throwing a juice carton at Israeli soldiers.
“According to local sources in Issawiyeh the (Israeli) military sent Qais’ family an official summons to come to the
interrogation center in Jerusalem on Wednesday (July 31) at 8 am,” reported the International Middle East Media Center
(IMEMC). In one photo
, the little boy is pictured while holding up to a camera the Israeli military order written in Hebrew.
The stories of Muhammad and Qais are the norm, not the exception. According to the prisoners’ advocacy group, Addameer,
there are currently 250 children in Israeli prisons, with approximately 700 Palestinian children going through the
Israeli military court system every single year. “The most common charge levied against children is throwing stones, a
crime that is punishable under military law by up to 20 years,” Addameer reports.
Indeed, Israel has so much to be embarrassed about. Since the start of the Second Intifada, the popular uprising of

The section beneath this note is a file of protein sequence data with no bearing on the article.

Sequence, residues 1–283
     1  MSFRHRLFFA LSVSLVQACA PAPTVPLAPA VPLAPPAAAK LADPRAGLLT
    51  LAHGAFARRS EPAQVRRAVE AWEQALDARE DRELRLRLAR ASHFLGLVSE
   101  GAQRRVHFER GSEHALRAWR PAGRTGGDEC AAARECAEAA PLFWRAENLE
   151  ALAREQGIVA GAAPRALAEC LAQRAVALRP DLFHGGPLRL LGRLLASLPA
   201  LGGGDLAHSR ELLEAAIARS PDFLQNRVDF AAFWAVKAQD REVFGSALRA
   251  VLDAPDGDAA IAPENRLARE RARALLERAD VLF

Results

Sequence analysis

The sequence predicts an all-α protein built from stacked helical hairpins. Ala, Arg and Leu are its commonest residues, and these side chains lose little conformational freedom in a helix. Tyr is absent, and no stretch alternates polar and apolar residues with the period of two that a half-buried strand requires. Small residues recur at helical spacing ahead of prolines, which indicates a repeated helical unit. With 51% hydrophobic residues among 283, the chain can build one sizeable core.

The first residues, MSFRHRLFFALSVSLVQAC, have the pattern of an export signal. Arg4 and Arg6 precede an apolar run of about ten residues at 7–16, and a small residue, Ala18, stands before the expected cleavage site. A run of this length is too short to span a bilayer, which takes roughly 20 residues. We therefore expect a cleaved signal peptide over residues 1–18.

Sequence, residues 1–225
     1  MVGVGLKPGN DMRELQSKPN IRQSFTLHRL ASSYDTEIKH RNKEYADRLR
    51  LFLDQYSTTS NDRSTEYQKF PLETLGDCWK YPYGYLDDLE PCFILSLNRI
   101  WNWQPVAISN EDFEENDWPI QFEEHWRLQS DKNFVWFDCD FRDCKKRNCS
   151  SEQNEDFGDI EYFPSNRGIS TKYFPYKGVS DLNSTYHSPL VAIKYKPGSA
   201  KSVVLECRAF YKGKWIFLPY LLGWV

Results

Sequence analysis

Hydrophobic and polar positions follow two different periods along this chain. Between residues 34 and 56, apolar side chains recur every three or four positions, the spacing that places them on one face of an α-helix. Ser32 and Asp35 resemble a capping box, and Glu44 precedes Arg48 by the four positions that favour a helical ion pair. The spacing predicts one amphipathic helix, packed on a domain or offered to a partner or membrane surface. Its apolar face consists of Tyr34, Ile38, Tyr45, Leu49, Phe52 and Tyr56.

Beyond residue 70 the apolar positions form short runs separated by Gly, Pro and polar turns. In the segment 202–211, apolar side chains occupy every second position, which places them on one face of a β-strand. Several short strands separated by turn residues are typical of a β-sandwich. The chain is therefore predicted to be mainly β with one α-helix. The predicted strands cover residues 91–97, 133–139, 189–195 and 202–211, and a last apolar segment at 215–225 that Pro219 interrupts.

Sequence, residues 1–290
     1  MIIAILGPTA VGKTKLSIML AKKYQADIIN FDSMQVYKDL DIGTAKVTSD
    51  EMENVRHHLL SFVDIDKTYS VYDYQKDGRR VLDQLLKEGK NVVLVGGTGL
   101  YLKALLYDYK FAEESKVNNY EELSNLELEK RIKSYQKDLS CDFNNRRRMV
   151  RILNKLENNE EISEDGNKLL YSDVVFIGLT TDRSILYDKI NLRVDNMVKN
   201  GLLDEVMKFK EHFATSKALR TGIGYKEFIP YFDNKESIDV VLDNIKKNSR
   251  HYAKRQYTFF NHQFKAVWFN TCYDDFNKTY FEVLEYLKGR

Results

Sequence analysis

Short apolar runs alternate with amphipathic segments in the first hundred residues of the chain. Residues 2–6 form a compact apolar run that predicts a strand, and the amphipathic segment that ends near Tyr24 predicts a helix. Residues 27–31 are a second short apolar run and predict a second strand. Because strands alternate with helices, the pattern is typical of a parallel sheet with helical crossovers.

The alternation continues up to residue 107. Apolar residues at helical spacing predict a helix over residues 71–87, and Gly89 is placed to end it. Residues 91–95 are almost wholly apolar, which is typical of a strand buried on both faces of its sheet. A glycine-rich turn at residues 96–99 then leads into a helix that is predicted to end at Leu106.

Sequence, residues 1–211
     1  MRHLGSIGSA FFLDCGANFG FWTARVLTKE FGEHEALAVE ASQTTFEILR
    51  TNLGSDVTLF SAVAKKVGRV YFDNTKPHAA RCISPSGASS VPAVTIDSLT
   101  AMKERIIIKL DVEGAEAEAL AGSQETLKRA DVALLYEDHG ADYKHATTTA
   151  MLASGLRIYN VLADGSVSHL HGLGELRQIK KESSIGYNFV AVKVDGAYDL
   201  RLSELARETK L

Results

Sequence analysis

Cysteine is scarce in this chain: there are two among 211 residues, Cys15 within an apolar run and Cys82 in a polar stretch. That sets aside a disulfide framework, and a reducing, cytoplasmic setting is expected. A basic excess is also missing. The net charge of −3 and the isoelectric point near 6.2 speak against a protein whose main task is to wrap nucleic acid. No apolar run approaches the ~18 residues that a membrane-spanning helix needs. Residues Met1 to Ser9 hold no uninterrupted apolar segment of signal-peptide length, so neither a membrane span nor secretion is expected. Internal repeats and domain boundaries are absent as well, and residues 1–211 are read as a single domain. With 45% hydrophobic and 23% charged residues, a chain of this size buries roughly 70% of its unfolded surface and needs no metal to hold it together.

2000, some 12,000 Palestinian children have been detained and interrogated by the Israeli army.
But it is not only children and their families that are targeted by the Israeli military, but also those who advocate on
their behalf. On July 30, Palestinian lawyer, Tariq Barghouth, was sentenced
to 13 years in prison by an Israeli military court for “firing at Israeli buses and at security forces on a number of
As flimsy as the accusation of a well-known lawyer firing at ‘buses’ may sound, it is important to note that Barghouth
is well-regarded for his defense of many Palestinian children in court. Barghouth was a constant source of headache for
the Israeli military court system for his strong defense of the child, Ahmad Manasra.
Manasra, then 13-years of age, was tried and indicted in Israeli military court for allegedly stabbing and wounding two
Israelis near the illegal Jewish settlement of Pisgat Ze’ev in Occupied Jerusalem. Manasra’s cousin, Hassan, 15 was
killed on the spot, while wounded Ahmad was tried in court as an adult.
It was the lawyer, Barghouth, who challenged and denounced the Israeli court for the harsh interrogation
and for secretly filming
the wounded child as he was tied to his hospital bed.
On August 2, 2016, Israel passed a law that allows